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Items: 1 to 20 of 235

1.

Myeloperoxidase-derived oxidants modify apolipoprotein A-I and generate dysfunctional high-density lipoproteins: comparison of hypothiocyanous acid (HOSCN) with hypochlorous acid (HOCl).

Hadfield KA, Pattison DI, Brown BE, Hou L, Rye KA, Davies MJ, Hawkins CL.

Biochem J. 2013 Jan 15;449(2):531-42. doi: 10.1042/BJ20121210.

PMID:
23088652
2.

Comparative reactivity of the myeloperoxidase-derived oxidants HOCl and HOSCN with low-density lipoprotein (LDL): Implications for foam cell formation in atherosclerosis.

Ismael FO, Proudfoot JM, Brown BE, van Reyk DM, Croft KD, Davies MJ, Hawkins CL.

Arch Biochem Biophys. 2015 May 1;573:40-51. doi: 10.1016/j.abb.2015.03.008. Epub 2015 Mar 18.

PMID:
25795019
3.

Comparative reactivity of the myeloperoxidase-derived oxidants hypochlorous acid and hypothiocyanous acid with human coronary artery endothelial cells.

Lloyd MM, Grima MA, Rayner BS, Hadfield KA, Davies MJ, Hawkins CL.

Free Radic Biol Med. 2013 Dec;65:1352-62. doi: 10.1016/j.freeradbiomed.2013.10.007. Epub 2013 Oct 10.

PMID:
24120969
4.

Reactions and reactivity of myeloperoxidase-derived oxidants: differential biological effects of hypochlorous and hypothiocyanous acids.

Pattison DI, Davies MJ, Hawkins CL.

Free Radic Res. 2012 Aug;46(8):975-95. doi: 10.3109/10715762.2012.667566. Epub 2012 Apr 23. Review.

PMID:
22348603
5.
6.

Tryptophan residues are targets in hypothiocyanous acid-mediated protein oxidation.

Hawkins CL, Pattison DI, Stanley NR, Davies MJ.

Biochem J. 2008 Dec 15;416(3):441-52. doi: 10.1042/BJ20070941.

PMID:
18652572
8.

Hypothiocyanous acid is a more potent inducer of apoptosis and protein thiol depletion in murine macrophage cells than hypochlorous acid or hypobromous acid.

Lloyd MM, van Reyk DM, Davies MJ, Hawkins CL.

Biochem J. 2008 Sep 1;414(2):271-80. doi: 10.1042/BJ20080468.

PMID:
18459943
9.

Hypochlorite modification of high density lipoprotein: effects on cholesterol efflux from J774 macrophages.

Bergt C, Reicher H, Malle E, Sattler W.

FEBS Lett. 1999 Jun 11;452(3):295-300.

10.

What are the plasma targets of the oxidant hypochlorous acid? A kinetic modeling approach.

Pattison DI, Hawkins CL, Davies MJ.

Chem Res Toxicol. 2009 May;22(5):807-17. doi: 10.1021/tx800372d.

PMID:
19326902
11.

The smoking-associated oxidant hypothiocyanous acid induces endothelial nitric oxide synthase dysfunction.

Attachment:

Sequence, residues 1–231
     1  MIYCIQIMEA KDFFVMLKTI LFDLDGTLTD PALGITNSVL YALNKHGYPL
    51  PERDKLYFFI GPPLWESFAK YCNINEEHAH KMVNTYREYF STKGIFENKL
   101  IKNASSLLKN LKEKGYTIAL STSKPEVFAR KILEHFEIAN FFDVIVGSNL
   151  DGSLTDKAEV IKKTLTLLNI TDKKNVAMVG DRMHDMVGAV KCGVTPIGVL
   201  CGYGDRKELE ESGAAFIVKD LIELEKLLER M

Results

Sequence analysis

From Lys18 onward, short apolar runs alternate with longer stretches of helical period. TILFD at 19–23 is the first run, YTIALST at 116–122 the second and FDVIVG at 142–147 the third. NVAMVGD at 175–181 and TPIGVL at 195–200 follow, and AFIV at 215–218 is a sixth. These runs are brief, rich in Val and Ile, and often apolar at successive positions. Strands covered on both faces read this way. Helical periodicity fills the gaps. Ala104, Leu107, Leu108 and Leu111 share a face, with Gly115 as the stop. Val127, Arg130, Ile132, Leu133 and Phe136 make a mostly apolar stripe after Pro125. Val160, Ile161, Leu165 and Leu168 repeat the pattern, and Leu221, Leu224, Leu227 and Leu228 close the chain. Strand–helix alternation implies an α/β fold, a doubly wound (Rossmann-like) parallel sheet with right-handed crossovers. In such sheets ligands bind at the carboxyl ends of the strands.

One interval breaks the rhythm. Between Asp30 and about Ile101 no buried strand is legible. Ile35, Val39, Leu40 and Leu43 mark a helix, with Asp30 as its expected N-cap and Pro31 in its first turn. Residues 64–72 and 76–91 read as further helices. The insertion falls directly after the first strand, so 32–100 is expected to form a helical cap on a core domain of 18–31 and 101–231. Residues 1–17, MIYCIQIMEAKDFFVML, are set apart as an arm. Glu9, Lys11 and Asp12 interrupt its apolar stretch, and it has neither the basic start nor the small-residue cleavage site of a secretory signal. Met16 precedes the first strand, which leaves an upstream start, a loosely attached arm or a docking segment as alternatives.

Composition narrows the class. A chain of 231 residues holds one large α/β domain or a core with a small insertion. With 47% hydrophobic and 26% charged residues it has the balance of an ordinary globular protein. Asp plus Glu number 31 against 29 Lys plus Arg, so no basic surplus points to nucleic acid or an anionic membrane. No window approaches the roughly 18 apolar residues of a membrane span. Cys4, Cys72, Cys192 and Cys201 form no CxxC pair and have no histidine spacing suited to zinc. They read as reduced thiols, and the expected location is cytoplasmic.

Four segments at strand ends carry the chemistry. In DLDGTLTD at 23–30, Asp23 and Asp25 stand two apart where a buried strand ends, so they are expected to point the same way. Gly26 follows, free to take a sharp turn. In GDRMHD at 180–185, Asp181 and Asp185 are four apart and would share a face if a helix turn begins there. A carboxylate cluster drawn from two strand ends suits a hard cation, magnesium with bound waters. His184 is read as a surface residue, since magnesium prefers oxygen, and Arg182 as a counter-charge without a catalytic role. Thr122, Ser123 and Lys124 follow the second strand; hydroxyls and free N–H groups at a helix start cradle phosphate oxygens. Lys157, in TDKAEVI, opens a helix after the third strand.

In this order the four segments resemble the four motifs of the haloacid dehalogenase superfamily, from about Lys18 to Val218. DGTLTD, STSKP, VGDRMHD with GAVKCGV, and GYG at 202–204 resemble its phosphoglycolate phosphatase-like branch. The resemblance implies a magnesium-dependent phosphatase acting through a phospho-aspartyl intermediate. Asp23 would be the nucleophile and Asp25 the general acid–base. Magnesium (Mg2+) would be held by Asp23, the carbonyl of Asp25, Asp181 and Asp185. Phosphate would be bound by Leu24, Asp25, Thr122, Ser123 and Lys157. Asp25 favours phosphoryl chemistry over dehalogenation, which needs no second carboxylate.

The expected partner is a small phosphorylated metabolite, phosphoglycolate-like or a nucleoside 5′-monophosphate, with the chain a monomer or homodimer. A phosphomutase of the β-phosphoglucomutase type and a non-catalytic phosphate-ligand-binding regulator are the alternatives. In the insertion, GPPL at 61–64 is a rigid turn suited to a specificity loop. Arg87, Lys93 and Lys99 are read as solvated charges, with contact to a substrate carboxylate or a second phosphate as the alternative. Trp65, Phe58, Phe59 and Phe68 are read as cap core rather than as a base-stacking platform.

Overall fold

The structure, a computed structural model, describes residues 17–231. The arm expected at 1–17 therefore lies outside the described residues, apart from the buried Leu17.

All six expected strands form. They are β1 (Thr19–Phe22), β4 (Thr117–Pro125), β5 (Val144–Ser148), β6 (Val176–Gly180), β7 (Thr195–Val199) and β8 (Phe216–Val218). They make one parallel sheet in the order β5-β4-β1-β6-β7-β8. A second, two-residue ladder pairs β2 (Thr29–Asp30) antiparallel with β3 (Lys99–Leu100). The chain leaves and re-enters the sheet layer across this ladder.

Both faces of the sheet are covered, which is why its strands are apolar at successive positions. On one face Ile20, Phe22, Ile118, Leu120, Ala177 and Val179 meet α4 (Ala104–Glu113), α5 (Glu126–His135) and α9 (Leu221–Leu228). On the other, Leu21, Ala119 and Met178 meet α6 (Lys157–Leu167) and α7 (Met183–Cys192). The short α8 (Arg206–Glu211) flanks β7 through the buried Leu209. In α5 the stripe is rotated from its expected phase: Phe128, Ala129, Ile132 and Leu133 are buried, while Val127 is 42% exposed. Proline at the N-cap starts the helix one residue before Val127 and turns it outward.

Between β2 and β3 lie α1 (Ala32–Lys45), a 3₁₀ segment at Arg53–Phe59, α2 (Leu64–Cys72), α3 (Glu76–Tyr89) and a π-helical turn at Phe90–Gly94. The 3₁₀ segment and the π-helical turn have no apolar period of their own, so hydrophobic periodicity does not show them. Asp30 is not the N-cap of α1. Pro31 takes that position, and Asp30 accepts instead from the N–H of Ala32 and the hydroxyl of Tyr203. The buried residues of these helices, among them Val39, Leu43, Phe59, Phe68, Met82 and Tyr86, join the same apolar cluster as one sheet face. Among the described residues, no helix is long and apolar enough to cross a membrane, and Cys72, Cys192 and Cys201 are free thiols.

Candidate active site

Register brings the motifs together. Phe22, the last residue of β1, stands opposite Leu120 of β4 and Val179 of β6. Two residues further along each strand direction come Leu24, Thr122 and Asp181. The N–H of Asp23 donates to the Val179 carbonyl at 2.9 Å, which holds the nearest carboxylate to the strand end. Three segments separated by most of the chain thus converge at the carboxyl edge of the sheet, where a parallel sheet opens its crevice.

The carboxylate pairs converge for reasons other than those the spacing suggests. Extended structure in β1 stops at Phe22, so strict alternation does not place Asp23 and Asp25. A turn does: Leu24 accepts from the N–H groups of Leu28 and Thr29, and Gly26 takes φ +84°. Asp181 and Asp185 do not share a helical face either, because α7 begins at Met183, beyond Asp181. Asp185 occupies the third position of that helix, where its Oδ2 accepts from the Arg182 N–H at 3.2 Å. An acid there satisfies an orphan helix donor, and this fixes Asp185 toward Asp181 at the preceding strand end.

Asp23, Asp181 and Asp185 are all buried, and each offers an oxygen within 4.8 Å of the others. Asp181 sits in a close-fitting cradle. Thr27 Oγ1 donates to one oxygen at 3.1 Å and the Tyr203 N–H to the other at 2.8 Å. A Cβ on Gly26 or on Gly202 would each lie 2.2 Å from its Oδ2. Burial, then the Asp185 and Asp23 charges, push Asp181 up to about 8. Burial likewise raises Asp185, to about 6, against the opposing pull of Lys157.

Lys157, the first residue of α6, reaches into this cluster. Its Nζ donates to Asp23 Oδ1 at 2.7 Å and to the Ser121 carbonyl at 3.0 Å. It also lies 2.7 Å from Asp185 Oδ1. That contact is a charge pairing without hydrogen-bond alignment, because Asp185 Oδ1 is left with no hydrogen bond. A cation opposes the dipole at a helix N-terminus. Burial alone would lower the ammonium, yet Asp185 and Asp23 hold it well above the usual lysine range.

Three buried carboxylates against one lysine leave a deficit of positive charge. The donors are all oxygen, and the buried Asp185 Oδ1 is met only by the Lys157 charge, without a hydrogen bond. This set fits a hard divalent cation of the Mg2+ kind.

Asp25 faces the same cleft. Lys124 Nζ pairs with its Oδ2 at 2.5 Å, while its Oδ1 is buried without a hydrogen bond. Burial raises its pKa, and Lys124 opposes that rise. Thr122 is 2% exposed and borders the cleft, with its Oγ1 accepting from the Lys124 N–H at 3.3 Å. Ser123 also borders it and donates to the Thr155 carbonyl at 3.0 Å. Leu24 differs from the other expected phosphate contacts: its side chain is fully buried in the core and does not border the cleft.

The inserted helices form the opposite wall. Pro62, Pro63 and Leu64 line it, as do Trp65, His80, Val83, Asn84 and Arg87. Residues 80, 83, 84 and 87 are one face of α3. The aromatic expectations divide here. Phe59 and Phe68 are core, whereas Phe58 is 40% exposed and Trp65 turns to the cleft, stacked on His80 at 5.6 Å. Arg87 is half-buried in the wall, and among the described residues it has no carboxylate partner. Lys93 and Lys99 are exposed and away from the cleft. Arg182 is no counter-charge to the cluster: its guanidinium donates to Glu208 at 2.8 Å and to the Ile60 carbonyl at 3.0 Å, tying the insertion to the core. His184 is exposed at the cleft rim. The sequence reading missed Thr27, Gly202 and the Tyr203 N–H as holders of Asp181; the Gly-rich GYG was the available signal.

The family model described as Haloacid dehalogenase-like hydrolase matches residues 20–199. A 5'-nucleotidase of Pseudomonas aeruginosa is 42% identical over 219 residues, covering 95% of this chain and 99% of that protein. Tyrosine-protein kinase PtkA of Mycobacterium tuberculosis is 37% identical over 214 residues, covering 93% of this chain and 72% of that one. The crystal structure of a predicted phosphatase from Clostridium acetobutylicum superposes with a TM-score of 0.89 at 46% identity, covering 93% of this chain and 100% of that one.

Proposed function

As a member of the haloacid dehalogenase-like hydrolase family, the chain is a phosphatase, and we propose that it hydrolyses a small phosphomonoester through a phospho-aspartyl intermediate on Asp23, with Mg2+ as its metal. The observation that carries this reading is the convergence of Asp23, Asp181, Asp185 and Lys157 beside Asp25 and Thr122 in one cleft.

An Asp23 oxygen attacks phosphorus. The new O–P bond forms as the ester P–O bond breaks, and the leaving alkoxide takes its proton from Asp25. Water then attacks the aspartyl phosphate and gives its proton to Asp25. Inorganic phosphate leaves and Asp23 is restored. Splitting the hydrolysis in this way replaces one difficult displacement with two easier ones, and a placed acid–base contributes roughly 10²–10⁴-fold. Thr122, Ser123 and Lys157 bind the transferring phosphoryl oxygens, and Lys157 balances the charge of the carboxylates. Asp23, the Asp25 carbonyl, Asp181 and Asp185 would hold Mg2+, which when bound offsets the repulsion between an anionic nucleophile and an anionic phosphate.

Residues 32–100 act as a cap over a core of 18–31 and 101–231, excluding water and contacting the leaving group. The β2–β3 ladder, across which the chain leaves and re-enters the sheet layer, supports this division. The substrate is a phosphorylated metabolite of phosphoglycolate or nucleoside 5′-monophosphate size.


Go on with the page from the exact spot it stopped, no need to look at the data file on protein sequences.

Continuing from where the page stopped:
Talib J, Kwan J, Suryo Rahmanto A, Witting PK, Davies MJ.

Biochem J. 2014 Jan 1;457(1):89-97. doi: 10.1042/BJ20131135.

PMID:
24112082
12.

Oxidation of methionine residues to methionine sulfoxides does not decrease potential antiatherogenic properties of apolipoprotein A-I.

Panzenböck U, Kritharides L, Raftery M, Rye KA, Stocker R.

J Biol Chem. 2000 Jun 30;275(26):19536-44.

13.

Cellular targets of the myeloperoxidase-derived oxidant hypothiocyanous acid (HOSCN) and its role in the inhibition of glycolysis in macrophages.

Love DT, Barrett TJ, White MY, Cordwell SJ, Davies MJ, Hawkins CL.

Free Radic Biol Med. 2016 May;94:88-98. doi: 10.1016/j.freeradbiomed.2016.02.016. Epub 2016 Feb 17.

PMID:
26898502
14.
15.

Myeloperoxidase-derived oxidants inhibit sarco/endoplasmic reticulum Ca2+-ATPase activity and perturb Ca2+ homeostasis in human coronary artery endothelial cells.

Cook NL, Viola HM, Sharov VS, Hool LC, Schöneich C, Davies MJ.

Free Radic Biol Med. 2012 Mar 1;52(5):951-61. doi: 10.1016/j.freeradbiomed.2011.12.001. Epub 2011 Dec 23.

16.

High plasma thiocyanate levels modulate protein damage induced by myeloperoxidase and perturb measurement of 3-chlorotyrosine.

Talib J, Pattison DI, Harmer JA, Celermajer DS, Davies MJ.

Free Radic Biol Med. 2012 Jul 1;53(1):20-9. doi: 10.1016/j.freeradbiomed.2012.04.018. Epub 2012 Apr 27.

PMID:
22609005
17.

Selenium-containing amino acids are targets for myeloperoxidase-derived hypothiocyanous acid: determination of absolute rate constants and implications for biological damage.

Skaff O, Pattison DI, Morgan PE, Bachana R, Jain VK, Priyadarsini KI, Davies MJ.

Biochem J. 2012 Jan 1;441(1):305-16. doi: 10.1042/BJ20101762.

18.

Apolipoprotein A-I structural modification and the functionality of reconstituted high density lipoprotein particles in cellular cholesterol efflux.

Gillotte KL, Davidson WS, Lund-Katz S, Rothblat GH, Phillips MC.

J Biol Chem. 1996 Sep 27;271(39):23792-8.

20.

Structure-function relationships in reconstituted HDL: Focus on antioxidative activity and cholesterol efflux capacity.

Cukier AMO, Therond P, Didichenko SA, Guillas I, Chapman MJ, Wright SD, Kontush A.

Biochim Biophys Acta. 2017 Sep;1862(9):890-900. doi: 10.1016/j.bbalip.2017.05.010. Epub 2017 May 18.

PMID:
28529180

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